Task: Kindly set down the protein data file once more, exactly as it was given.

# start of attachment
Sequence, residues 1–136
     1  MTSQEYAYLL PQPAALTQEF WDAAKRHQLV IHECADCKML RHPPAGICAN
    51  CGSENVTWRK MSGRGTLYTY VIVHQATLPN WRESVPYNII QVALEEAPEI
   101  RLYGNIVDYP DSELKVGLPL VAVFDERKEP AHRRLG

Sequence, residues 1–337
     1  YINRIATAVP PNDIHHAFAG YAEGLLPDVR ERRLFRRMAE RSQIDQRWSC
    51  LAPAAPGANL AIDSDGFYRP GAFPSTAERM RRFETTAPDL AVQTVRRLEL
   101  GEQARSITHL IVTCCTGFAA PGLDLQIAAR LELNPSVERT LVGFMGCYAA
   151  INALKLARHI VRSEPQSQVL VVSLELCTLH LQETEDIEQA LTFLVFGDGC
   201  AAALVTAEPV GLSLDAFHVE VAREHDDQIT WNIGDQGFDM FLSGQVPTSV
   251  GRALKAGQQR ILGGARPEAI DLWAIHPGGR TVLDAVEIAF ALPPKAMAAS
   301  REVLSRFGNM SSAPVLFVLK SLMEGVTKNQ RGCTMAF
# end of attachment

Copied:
Sequence, residues 1–136
     1  MTSQEYAYLL PQPAALTQEF WDAAKRHQLV IHECADCKML RHPPAGICAN
    51  CGSENVTWRK MSGRGTLYTY VIVHQATLPN WRESVPYNII QVALEEAPEI
   101  RLYGNIVDYP DSELKVGLPL VAVFDERKEP AHRRLG

Sequence, residues 1–337
     1  YINRIATAVP PNDIHHAFAG YAEGLLPDVR ERRLFRRMAE RSQIDQRWSC
    51  LAPAAPGANL AIDSDGFYRP GAFPSTAERM RRFETTAPDL AVQTVRRLEL
   101  GEQARSITHL IVTCCTGFAA PGLDLQIAAR LELNPSVERT LVGFMGCYAA
   151  INALKLARHI VRSEPQSQVL VVSLELCTLH LQETEDIEQA LTFLVFGDGC
   201  AAALVTAEPV GLSLDAFHVE VAREHDDQIT WNIGDQGFDM FLSGQVPTSV
   251  GRALKAGQQR ILGGARPEAI DLWAIHPGGR TVLDAVEIAF ALPPKAMAAS
   301  REVLSRFGNM SSAPVLFVLK SLMEGVTKNQ RGCTMAF